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Frequent Questions about the Waste Reduction Model (WARM)

This page provides a brief overview of responses to frequent questions about the Waste Reduction Model (WARM). Further information is available in the WARM documentation.

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What Information Do I Need to Use WARM?

The most basic information needed to run WARM includes data on the amount of waste handled by material type (e.g., aluminum cans, corrugated containers), the associated waste management practice currently used (recycling, composting, combustion, anaerobic digestion, or landfilling) and the alternative practice (which could include source reduction).

The tool provides default data on the “national average” materials management practices, such as the prevalence of landfill gas recovery, average landfill gas collection efficiency, and transportation distances. However, the results in WARM will be more accurate if users enter site-specific information, to the extent that it is readily available. Additional user inputs include:

  • Landfill characteristics (e.g., presence of landfill gas collection system)
  • Anaerobic digestion characteristics (e.g., wet or dry digester)
  • Material characteristics (e.g., produced from virgin materials or with recycled inputs)
  • Location for regional electricity grid
  • Waste transport distances

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The WARM Results Show Negative Values for GHG Emissions or Energy. What Does This Mean?

For each materials management practice in WARM accounts for sources of emissions (e.g., combustion of fossil fuels) and emissions sinks (e.g., forest carbon storage, avoid fuel consumption). When the results in WARM show a negative value for GHG emissions or energy, this indicates that managing that material using the selected management practice results in avoided GHG emissions or energy from a life-cycle perspective. A negative value for the total or incremental change in GHG emissions or energy indicates that the alternative scenario results in a net decrease in life-cycle GHG emissions or energy compared to the baseline scenario.

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The WARM Results Show “INPUT ERROR: Make Sure Tons Managed Equals Tons Generated”. How Do I Fix This Error?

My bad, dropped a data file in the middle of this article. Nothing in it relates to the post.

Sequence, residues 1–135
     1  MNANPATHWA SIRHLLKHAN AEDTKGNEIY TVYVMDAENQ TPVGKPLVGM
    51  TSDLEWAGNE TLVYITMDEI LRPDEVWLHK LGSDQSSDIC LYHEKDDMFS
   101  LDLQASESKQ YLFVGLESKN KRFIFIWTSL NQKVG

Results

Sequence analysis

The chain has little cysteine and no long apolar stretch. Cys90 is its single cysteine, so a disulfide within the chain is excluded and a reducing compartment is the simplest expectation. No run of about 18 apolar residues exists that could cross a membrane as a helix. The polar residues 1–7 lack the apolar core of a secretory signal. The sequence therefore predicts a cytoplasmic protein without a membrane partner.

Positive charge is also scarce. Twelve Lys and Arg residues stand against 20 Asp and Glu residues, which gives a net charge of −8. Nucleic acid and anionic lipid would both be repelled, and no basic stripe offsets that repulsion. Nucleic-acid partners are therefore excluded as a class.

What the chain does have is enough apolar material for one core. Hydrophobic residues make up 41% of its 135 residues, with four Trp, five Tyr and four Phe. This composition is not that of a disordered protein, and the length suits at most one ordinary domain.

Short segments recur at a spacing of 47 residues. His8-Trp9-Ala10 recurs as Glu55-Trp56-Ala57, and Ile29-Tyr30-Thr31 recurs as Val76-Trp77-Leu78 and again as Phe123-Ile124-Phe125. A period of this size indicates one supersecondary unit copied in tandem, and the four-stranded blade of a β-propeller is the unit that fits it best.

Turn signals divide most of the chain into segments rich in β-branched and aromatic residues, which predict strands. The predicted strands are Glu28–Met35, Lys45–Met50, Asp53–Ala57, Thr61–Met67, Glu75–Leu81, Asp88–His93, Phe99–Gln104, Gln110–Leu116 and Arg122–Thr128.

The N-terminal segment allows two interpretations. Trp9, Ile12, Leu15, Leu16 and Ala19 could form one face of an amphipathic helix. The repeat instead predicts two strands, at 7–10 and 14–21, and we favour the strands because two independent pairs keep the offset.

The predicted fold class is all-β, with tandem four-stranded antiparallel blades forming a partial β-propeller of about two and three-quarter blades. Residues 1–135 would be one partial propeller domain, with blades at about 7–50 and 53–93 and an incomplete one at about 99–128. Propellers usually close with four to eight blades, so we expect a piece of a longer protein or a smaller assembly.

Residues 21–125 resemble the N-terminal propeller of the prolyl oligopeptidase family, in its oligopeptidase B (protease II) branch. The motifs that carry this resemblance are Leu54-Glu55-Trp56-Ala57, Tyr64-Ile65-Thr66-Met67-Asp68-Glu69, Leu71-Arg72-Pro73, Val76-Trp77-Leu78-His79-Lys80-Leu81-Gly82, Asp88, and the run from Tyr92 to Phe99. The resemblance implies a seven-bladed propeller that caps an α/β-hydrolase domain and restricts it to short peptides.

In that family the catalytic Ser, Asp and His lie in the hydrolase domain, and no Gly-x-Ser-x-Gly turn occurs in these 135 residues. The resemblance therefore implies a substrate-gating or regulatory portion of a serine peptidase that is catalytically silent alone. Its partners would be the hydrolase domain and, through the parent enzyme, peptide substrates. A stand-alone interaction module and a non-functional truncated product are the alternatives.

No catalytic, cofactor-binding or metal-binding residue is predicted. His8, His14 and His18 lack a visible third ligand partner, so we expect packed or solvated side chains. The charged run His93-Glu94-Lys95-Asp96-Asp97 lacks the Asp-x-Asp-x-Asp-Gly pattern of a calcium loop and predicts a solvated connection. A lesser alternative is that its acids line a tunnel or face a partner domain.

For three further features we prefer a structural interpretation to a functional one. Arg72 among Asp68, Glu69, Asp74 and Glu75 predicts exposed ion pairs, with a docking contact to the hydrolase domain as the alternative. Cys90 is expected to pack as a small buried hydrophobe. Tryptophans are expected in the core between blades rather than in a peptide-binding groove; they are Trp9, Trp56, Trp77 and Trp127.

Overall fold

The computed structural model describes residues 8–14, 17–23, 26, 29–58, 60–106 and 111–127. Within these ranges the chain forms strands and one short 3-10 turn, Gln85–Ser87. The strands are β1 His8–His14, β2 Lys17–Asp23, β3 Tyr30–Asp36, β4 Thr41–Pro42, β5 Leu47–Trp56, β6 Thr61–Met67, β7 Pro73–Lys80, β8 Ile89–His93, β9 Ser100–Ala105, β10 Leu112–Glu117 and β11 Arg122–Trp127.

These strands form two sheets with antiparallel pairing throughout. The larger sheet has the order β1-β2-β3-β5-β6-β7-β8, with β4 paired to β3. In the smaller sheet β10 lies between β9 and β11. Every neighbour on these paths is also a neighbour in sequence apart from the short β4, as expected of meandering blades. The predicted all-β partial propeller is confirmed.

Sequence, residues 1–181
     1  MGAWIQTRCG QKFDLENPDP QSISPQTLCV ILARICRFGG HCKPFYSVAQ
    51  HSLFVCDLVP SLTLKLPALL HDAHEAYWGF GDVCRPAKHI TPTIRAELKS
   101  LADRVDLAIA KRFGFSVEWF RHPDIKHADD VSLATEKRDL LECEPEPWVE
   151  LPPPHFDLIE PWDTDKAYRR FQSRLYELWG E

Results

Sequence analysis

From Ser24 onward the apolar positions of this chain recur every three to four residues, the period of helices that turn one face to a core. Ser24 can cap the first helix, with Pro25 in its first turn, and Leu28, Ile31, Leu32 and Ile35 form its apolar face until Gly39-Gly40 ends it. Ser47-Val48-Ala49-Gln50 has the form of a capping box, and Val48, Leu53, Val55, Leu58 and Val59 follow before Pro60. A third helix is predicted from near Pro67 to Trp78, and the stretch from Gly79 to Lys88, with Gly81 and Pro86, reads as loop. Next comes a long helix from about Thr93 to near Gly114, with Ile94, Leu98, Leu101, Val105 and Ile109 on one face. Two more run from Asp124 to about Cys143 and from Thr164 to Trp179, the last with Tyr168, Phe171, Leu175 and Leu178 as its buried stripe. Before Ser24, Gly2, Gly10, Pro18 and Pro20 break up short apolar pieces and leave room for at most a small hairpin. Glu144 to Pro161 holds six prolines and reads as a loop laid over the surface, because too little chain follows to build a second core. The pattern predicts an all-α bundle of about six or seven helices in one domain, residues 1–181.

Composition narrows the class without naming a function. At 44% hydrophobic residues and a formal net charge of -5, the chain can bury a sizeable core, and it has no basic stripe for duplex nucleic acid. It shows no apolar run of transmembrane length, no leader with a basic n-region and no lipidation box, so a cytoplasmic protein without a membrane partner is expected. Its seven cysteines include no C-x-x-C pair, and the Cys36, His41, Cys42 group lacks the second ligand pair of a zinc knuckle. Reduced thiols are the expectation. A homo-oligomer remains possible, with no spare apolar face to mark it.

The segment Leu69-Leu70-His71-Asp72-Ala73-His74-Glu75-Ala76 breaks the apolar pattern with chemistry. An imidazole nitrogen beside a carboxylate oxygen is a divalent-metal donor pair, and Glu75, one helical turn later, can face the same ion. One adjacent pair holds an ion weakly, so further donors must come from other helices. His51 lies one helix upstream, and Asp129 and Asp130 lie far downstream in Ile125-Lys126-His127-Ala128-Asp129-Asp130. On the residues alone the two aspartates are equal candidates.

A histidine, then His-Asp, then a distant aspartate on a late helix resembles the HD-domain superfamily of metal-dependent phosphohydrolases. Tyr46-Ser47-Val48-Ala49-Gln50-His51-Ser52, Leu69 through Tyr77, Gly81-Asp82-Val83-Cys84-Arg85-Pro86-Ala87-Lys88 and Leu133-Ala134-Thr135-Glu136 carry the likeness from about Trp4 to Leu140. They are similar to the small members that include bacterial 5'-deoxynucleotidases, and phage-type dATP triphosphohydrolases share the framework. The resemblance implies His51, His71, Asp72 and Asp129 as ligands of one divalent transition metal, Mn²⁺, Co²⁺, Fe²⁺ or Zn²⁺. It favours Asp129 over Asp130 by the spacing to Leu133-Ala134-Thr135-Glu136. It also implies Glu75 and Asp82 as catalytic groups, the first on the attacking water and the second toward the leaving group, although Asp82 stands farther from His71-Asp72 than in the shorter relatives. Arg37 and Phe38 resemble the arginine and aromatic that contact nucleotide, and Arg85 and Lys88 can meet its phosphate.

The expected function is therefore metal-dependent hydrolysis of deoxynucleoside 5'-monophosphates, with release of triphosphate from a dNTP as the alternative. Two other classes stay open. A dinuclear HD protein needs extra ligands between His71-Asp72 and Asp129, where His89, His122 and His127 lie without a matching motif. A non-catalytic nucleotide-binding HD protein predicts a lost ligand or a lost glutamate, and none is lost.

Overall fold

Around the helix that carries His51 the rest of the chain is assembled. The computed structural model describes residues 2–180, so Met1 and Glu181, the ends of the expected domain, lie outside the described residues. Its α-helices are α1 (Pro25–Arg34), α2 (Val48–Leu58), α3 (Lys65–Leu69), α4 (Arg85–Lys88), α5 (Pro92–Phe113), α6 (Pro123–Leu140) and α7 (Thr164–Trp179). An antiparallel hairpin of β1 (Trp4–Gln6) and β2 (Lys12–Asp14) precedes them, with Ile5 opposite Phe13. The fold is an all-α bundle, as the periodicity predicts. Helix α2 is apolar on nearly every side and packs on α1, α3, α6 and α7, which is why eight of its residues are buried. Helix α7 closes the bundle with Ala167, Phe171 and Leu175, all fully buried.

In WARM, the same tonnage of materials must be analyzed across both the baseline and alternative scenarios. This error message occurs when the tons of materials entered on the “Analysis Inputs” sheet are not equal for both the baseline and alternative scenarios. To avoid this error, ensure that, for each material, the total tons assigned to different management practices adds up to the value in the “Tons Generated” column. Any decrease in generation should be entered in the Source Reduction column as a positive value and any increase in generation should be entered in the Source Reduction column as a negative value.

For example, assume a situation in which 100 tons of aluminum cans are landfilled in the baseline scenario:

Material  Tons Recycled  Tons Landfilled  Tons Combusted  Tons Composted  Tons Anaerobically Digested   Tons Generated
Aluminum Cans              100.0    NA  NA   100.0

Next, in the alternative scenario, only 80 tons of aluminum cans are generated, with all of those cans recycled:

Tons Generated     Tons Source Reduced   Tons Recycled   Tons Landfilled   Tons Combusted   Tons Composted   Tons Anaerobically Digested  
100.0                    80.0       NA   NA Tons managed does not equal baseline generation.

WARM cannot calculate results for the alternative scenario above because the total tons managed does not match the tons managed in the baseline scenario. In order to remove this error, the 20 tons of avoided waste generation in alternative scenario must be included under the Source Reduction column as shown in the corrected alternative scenario:

Tons Generated    Tons Source Reduced  Tons Recycled  Tons Landfilled  Tons Combusted  Tons Composted  Tons Anaerobically Digested
100.0   20.0                 80.0      NA  NA